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Nicotine Strengths: How to Choose What's Right for You

Vaping360 Team
February 26, 2019

Nicotine is an alkaloid extracted from the tobacco plant Nicotiana tabacum. It can be synthesised but this an expensive process so is not commonly used. It is even found in small amounts in common foods such as tomatoes, potatoes and aubergine. Nicotine works as both a relaxant and a stimulant, with people reporting effects such as mood elevation, alertness and calmness. It is commonly viewed as physically and psychologically addictive, and so many vapers who started out as smokers use e-juice with varying levels of nicotine. Commercial e-juice can be bought without nicotine but it is usually sold with a range of strengths.

Picking the right nicotine strength is an important decision for a new vaper. Too much and you might wind up coughing, too weak and you may wonder what all the fuss is about. Or even worse, you spend a chunk of cash on a huge bottle of premium juice, only to find out that its nicotine strength is not enough to satisfy your cravings.

E-liquids come with strengths that start from zero nicotine, and go up to over 50 mg/mL. You may have also seen nicotine strength stated in percentages instead of concentrations. All this can be confusing at first, but it doesn’t have to be! This guide will help steer you in the right direction when choosing nicotine strength, and show you how to navigate the market.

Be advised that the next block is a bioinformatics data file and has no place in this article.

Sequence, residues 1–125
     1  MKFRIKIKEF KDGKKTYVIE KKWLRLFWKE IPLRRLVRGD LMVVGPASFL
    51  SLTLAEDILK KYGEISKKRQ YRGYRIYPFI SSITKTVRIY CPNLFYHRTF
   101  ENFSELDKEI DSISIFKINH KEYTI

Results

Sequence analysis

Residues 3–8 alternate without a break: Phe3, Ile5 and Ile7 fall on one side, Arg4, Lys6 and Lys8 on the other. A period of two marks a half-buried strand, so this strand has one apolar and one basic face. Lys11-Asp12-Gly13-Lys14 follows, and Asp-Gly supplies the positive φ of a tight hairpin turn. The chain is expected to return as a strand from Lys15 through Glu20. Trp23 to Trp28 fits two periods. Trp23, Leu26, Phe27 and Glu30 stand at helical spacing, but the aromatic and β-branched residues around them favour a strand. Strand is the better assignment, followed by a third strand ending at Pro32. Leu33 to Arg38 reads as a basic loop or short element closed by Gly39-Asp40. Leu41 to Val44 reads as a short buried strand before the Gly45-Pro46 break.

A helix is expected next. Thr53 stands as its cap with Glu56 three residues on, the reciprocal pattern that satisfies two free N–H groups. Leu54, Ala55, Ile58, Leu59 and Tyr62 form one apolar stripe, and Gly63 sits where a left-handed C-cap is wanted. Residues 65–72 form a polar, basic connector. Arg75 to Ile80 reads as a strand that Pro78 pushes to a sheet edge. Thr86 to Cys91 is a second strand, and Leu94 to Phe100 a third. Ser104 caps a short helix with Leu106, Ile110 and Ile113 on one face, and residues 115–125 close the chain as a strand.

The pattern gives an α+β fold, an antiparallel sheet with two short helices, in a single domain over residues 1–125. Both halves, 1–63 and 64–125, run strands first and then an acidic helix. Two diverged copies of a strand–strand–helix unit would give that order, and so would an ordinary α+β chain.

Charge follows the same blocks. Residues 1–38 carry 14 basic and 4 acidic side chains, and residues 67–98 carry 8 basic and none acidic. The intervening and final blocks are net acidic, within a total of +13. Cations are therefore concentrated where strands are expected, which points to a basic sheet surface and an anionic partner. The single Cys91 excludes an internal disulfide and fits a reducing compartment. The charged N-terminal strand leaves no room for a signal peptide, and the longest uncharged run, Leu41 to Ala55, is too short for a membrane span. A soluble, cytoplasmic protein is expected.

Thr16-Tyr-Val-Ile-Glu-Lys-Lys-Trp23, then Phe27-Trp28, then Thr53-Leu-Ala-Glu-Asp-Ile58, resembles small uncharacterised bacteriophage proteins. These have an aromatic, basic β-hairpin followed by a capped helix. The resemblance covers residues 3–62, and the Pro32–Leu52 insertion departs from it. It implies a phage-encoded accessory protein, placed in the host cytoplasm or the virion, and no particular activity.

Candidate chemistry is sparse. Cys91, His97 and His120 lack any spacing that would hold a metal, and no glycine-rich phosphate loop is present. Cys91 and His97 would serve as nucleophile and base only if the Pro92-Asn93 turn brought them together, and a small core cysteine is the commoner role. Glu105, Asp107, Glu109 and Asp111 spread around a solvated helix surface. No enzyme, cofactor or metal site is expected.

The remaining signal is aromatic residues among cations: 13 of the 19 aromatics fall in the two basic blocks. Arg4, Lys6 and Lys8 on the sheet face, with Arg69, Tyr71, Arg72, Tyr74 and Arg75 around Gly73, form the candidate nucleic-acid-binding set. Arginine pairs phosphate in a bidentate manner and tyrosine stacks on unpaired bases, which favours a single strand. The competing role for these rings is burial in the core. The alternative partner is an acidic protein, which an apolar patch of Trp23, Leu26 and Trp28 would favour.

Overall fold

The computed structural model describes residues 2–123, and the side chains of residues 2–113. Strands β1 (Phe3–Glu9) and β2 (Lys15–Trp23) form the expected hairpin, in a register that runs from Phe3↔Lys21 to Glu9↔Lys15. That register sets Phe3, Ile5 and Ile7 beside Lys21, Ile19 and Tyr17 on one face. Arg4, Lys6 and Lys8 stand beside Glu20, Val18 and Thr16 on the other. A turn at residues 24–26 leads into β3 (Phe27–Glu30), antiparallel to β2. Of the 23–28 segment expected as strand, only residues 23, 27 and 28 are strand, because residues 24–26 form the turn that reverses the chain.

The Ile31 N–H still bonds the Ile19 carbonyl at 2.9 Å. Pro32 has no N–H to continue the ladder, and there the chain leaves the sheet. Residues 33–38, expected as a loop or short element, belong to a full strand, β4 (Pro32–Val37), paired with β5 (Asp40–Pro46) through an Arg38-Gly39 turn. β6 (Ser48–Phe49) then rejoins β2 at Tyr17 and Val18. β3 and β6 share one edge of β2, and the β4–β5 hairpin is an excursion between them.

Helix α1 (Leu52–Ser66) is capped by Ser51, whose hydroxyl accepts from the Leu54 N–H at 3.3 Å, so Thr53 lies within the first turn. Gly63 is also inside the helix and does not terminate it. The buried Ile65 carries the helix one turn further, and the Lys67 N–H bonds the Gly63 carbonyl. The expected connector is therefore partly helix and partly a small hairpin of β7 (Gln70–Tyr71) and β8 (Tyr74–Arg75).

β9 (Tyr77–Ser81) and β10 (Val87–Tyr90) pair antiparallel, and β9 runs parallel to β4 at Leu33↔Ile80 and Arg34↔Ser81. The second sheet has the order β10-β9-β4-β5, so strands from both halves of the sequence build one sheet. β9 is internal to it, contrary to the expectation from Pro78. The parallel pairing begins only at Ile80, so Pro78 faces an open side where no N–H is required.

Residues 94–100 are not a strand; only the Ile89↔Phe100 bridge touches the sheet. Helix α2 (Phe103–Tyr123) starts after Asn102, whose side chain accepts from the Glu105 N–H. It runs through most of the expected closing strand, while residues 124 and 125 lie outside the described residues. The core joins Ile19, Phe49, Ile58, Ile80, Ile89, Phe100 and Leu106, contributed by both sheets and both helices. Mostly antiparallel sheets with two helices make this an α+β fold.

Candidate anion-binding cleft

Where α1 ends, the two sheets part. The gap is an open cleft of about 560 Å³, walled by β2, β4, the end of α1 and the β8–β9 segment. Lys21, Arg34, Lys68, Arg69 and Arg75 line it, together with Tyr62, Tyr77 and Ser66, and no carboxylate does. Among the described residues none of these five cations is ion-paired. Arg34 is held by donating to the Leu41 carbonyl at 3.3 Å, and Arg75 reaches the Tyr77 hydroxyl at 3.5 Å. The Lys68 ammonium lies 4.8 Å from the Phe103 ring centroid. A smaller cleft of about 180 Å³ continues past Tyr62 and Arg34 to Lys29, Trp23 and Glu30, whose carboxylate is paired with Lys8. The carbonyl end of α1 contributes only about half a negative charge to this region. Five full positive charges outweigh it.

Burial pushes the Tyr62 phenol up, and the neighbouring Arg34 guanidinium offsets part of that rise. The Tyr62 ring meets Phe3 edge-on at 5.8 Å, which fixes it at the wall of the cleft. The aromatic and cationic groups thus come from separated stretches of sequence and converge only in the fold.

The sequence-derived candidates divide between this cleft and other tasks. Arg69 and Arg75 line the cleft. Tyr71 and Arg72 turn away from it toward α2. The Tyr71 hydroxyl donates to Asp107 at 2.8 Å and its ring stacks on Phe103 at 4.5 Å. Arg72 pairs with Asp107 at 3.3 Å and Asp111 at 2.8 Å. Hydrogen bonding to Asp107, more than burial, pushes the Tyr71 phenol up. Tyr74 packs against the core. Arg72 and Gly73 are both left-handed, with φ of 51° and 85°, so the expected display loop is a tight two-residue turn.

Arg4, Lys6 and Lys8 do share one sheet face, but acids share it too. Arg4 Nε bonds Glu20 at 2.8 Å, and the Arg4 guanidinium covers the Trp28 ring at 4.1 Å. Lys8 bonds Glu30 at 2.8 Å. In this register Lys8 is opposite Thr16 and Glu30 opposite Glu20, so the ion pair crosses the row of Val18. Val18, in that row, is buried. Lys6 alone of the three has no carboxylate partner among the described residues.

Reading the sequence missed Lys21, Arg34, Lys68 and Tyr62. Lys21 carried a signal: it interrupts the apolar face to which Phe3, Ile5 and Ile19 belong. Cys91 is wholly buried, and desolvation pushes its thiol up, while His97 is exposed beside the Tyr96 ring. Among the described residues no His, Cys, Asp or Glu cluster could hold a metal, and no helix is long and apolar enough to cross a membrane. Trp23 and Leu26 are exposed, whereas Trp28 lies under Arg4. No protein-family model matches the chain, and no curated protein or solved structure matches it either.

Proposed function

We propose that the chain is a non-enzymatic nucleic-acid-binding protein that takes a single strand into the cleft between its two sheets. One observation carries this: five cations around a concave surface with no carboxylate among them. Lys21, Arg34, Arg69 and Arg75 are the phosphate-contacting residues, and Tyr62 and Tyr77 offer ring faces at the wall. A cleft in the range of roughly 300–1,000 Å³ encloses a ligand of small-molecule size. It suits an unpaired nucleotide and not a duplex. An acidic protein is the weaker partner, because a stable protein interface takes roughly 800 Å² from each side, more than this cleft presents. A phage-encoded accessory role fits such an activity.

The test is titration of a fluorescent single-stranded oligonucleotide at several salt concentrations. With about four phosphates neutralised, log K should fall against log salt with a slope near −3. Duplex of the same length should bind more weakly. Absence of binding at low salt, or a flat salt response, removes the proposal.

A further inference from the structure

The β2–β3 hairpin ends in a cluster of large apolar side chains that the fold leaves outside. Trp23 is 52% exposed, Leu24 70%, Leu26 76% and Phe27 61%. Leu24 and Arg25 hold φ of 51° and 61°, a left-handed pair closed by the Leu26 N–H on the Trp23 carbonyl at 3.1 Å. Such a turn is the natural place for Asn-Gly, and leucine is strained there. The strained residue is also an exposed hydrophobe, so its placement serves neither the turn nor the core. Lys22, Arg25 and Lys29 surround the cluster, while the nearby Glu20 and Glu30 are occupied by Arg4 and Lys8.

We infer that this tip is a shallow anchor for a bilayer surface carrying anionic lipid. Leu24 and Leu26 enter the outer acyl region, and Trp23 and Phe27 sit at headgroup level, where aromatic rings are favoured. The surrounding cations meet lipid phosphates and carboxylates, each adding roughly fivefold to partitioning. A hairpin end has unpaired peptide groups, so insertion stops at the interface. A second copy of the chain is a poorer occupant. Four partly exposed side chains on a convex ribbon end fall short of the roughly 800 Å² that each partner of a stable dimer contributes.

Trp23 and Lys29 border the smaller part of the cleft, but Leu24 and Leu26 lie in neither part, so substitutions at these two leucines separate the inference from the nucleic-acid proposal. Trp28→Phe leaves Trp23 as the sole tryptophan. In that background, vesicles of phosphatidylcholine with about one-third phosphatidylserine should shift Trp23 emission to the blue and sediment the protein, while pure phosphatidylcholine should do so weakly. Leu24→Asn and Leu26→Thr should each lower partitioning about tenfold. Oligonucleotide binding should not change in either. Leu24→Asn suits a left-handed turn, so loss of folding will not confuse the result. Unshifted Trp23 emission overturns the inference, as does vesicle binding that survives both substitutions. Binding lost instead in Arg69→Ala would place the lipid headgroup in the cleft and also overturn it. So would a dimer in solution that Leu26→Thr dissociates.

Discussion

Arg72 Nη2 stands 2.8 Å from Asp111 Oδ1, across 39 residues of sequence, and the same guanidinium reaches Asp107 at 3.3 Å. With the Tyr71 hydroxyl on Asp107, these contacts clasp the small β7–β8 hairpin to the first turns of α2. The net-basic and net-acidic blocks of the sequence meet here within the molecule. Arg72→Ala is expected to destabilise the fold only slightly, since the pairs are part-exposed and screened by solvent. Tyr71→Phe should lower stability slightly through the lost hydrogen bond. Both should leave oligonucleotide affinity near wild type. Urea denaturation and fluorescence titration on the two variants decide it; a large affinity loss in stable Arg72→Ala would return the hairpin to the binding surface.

Note that the information presented in this article pertains to nicotine strength in commercial e-liquid. If you are learning how to mix your own juice–which may involve diluting nicotine base–take a look at our article on how to make DIY e-juice for beginners.

Regular nicotine and nic salts: two great options

Nicotine Salt vs Regular Nicotine - Infographic

The JUUL is not only one of the most popular vapes around, it is also one of the most influential. One of the most significant market effects of the JUUL has been the introduction of nicotine salt e-liquid, which has changed the way many users quit smoking and begin vaping.

You can find more info about nic our nicotine salts mini guide, but they are the reason you see nicotine strengths jumping from 3 mg and 6 mg to 25 mg or even 60 mg in online shops. In layman’s terms, nic salts employ a compound (benzoic acid) that smooths out the throat sensation of nicotine, making larger concentrations more tolerable.